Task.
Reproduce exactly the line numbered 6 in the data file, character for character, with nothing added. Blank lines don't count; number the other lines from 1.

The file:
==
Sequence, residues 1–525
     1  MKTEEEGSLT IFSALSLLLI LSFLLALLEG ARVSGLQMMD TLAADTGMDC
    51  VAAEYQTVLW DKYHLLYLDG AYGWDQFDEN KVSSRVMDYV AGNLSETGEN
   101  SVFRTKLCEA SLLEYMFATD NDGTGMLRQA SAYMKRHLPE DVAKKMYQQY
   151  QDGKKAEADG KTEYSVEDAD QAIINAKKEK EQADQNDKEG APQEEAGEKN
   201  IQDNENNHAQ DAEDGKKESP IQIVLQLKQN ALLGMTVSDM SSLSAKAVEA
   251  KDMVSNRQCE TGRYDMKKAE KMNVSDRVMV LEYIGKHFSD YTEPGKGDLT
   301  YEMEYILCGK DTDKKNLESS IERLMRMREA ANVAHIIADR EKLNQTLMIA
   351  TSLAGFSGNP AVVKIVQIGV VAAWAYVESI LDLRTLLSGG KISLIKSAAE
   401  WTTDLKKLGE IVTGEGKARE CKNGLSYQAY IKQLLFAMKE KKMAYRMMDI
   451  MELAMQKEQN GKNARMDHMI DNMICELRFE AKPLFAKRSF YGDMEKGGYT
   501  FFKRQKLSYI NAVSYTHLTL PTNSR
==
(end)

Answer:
   201  IQDNENNHAQ DAEDGKKESP IQIVLQLKQN ALLGMTVSDM SSLSAKAVEA